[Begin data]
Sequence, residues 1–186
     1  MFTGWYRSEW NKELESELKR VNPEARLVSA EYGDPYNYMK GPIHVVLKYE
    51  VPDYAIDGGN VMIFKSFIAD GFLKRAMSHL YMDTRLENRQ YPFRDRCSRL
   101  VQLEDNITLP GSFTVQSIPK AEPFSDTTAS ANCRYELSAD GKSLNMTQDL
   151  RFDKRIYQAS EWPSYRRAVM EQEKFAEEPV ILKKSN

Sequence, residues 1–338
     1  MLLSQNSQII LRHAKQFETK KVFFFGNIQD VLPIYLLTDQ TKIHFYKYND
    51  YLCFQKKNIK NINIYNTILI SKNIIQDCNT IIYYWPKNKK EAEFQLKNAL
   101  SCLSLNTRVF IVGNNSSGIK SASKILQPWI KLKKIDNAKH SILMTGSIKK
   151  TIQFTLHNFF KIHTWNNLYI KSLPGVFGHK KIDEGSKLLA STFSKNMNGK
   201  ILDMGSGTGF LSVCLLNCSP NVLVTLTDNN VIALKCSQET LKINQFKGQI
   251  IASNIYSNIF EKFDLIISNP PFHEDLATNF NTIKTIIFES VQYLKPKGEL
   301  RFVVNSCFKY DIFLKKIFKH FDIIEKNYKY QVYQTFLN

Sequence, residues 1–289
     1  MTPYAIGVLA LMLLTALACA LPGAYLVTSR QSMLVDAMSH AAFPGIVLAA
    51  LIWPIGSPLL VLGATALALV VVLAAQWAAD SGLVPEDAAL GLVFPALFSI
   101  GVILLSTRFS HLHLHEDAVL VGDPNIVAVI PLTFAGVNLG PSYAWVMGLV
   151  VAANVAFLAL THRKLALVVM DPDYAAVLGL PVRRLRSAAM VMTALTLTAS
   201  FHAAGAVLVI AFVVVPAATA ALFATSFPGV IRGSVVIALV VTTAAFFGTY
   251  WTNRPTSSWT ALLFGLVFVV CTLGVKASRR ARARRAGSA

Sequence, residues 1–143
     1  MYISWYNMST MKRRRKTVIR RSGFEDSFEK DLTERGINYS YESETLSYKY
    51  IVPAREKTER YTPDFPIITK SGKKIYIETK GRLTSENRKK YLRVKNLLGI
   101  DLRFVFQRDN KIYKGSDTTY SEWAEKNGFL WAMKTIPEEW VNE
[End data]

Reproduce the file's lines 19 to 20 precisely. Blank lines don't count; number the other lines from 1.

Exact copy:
   201  FHAAGAVLVI AFVVVPAATA ALFATSFPGV IRGSVVIALV VTTAAFFGTY
   251  WTNRPTSSWT ALLFGLVFVV CTLGVKASRR ARARRAGSA